Maybe you know chef Leah Chase because of her cameo appearance in Beyoncé’s “Lemonade,” in which the the silver-haired Creole matriarch looks dignified in a throne-like chair and stares deeply into the camera. Maybe you heard her name announced last spring, when the James Beard Foundation conferred its Lifetime Achievement Award on her.
It’s good if you did find Ms. Chase on one of those highly visible platforms, because you’re not going to encounter her or her restaurant, Dooky Chase, by ambling along the well-beaten path of tourist destinations in New Orleans. The restaurant is less than two miles from the heart of the French Quarter, but in a neighborhood where New Orleanians live, not where visitors tend to explore. Why is she so important to this city? Leah Chase cooks New Orleans food, supports New Orleans causes, and exemplifies New Orleans values. She is like a grandmother to the whole city.
At 76-years-old, if Dooky Chase is not the oldest black restaurant in New Orleans, it’s close. For more than 70 of those years, Leah Chase has been at the helm of that kitchen, where she serves a very personal combination of typical Southern food (fried chicken, greens, fried catfish), Creole specialties (red beans, shrimp Creole, redfish court bouillon), and her own brand of fare (butter fried quail with grits, stewed turtle, leg of lamb with okra).
The Chase family already owned a small restaurant when Leah married Edgar “Dooky” Chase in 1945. The family place, named after Leah's father-in-law, the first Dooky, sold sandwiches and such, nothing fancy. But Leah had higher ambitions. She wanted to create a quality restaurant for black people to rival some of the whites-only places she had worked at in the French Quarter. So she began adding things to the menu. Such digressions from the tried-and-true didn’t endear her to her mother-in-law. But eventually, Dooky Chase became the go-to restaurant for downtown black New Orleans, whether it was to celebrate a Little League Championship, or graduation from law school. It was the black community’s white-table-cloth establishment: Its prices were an affordable splurge for working families, and its menu contained fancy offerings like steaks and chops that most folks didn't regularly get at home.
Black entertainers like Lionel Hampton, Cicely Tyson, Lena Horne, Ray Charles, and Duke Ellington made a stop at Dooky Chase de rigueur when they played New Orleans, so much so that Ray Charles included an allusion to the eatery in his version of “Early in the Morning.” It wasn’t long before white folks found out about the magic emanating from those pots. Despite the official “no race mixing” policy of the times, integrated groups would sometimes gather in one of the restaurant’s private dining rooms, especially during the Civil Rights movement. That mix of food and politics continues to this day. Because Dooky Chase is so emblematic of New Orleans, it is an essential stop for national politicians when they stomp in the Crescent City, beckoning figures like Barack Obama and George W. Bush to eat hot bowls of gumbo.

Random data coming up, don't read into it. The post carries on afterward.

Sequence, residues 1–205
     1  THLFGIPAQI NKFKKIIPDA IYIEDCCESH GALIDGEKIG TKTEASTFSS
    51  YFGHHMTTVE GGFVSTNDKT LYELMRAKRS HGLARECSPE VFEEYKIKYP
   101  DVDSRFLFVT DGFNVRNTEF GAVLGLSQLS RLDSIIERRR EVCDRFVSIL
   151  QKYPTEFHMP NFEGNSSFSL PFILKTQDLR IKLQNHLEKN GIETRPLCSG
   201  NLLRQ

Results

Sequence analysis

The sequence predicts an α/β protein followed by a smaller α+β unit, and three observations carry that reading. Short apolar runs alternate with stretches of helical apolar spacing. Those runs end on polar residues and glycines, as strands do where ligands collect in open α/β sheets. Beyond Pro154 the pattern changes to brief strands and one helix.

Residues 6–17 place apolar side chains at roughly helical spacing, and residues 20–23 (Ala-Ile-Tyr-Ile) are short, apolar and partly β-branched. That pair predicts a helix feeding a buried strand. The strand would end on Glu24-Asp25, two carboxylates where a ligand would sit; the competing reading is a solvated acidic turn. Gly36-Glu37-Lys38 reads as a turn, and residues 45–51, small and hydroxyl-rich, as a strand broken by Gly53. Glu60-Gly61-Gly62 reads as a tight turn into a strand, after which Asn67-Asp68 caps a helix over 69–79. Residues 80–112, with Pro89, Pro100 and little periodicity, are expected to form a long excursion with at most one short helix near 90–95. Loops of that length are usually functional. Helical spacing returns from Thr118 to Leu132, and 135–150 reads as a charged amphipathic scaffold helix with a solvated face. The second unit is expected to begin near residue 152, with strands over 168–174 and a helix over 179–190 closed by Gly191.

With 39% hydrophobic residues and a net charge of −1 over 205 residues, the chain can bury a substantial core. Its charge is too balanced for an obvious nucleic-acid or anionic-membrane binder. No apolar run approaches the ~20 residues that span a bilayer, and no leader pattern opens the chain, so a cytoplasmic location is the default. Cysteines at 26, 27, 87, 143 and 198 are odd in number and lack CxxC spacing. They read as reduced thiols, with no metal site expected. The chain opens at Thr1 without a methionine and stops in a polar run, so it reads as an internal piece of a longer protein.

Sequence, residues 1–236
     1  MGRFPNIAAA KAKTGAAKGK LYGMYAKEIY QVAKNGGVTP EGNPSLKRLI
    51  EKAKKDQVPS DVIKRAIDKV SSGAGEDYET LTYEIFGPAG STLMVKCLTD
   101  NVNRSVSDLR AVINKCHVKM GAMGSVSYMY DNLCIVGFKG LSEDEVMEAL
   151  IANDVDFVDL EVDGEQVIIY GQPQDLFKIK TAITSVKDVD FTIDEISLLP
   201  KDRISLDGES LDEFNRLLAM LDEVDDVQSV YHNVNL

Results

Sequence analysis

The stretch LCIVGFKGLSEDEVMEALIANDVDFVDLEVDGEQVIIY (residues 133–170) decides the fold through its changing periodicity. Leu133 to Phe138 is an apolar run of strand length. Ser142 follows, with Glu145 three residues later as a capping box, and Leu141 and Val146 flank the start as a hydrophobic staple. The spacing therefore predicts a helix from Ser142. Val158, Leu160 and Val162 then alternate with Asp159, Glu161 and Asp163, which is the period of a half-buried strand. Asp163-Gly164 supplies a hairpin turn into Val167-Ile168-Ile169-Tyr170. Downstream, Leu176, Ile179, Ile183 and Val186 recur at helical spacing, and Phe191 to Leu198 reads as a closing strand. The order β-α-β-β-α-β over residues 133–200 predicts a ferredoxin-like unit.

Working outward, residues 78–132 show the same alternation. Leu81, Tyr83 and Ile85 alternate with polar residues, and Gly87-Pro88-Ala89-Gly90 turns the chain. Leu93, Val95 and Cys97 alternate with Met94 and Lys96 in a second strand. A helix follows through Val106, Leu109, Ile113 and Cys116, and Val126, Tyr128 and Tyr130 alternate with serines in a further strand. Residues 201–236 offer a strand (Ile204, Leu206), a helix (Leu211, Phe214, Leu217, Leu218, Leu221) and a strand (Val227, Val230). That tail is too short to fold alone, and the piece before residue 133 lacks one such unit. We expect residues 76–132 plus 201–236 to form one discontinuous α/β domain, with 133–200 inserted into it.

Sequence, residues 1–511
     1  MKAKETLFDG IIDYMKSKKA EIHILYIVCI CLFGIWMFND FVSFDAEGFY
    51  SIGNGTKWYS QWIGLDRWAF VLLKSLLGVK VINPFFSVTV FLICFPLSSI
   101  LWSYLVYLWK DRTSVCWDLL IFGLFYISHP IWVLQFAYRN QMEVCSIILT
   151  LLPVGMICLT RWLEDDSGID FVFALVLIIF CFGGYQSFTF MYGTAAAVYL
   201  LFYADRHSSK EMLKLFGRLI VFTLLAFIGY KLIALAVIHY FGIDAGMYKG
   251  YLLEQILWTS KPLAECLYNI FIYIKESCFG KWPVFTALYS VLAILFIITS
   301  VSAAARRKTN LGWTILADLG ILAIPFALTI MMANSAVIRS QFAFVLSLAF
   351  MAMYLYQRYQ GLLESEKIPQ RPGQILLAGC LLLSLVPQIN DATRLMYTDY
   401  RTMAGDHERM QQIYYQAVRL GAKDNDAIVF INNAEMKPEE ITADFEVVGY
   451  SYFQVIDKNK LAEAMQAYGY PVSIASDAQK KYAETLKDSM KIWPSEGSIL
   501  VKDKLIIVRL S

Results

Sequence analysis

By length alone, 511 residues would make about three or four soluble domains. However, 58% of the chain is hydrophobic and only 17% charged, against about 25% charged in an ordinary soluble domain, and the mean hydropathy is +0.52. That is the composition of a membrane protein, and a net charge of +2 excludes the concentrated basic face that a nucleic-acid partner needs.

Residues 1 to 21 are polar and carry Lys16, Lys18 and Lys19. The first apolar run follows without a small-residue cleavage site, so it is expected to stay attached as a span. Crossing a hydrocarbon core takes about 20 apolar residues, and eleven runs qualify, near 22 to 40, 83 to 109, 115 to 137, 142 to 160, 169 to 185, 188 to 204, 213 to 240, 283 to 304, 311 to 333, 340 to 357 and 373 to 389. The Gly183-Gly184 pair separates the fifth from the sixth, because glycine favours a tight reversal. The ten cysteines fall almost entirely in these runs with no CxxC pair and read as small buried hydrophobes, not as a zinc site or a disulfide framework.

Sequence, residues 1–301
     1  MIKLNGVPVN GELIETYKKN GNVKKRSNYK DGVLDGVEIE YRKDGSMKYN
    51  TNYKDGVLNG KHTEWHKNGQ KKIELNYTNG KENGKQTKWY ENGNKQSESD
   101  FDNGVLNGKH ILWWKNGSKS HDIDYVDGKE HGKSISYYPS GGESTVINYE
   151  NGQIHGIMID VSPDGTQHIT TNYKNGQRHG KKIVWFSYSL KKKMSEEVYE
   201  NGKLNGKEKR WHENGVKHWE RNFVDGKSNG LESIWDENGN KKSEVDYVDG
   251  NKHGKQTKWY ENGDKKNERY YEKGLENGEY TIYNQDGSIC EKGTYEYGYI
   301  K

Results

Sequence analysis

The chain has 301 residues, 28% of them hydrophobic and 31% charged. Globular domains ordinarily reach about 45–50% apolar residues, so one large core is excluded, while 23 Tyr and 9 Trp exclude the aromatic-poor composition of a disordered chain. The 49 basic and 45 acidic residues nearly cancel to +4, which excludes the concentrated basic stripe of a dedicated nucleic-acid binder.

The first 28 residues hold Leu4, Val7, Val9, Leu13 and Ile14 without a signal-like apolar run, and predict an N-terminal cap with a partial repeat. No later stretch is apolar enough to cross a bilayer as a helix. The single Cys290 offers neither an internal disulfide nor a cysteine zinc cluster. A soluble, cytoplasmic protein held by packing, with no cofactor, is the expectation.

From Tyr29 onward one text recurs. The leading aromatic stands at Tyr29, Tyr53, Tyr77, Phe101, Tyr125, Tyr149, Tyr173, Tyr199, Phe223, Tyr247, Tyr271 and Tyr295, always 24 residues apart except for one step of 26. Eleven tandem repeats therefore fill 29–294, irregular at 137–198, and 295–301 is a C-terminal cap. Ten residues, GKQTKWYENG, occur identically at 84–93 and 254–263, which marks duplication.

But Leah's true calling is to serve her community, not pose for pictures. For decades that included the residents of the public-housing development across the street, a complex that has been redeveloped into a mixed income community called Faubourg Lafitte. “Those people worked with me, they helped me. They were good, old people. Some of them had problems, but they always looked after me and I’ll never forget them,” says Chase.
Leah’s civic engagement, however, is most visible though the art collection on the walls and her service as a member of the Board of Trustees for the New Orleans Museum of Art. When the city’s levees failed during Hurricane Katrina and the restaurants flooded, there were two questions on every one’s mind: Are Mr. and Mrs. Chase okay? Were they able to save the art collection? The answer to the both questions was yes, fortunately.
Chef Leah never got media training from a high-dollar consultant. When she speaks to the press, she does so in the same straightforward, informal manner that she uses in speaking to the many admirers who eat at her restaurant. At 93, she’s earned the right to answer direct questions with stories and digressions, or whatever she feels like talking about. So try as I did to make her answers conform to the “10 Dishes That Made My Career” format, what we have is a bit different. More like “reflections on dishes that I’ve found interesting or important or popular.”
When Chef Leah starts talking, you are free to ask whatever questions you want, and she is free to answer however she wants. Best to just go along for the ride. It’s guaranteed to take you somewhere interesting.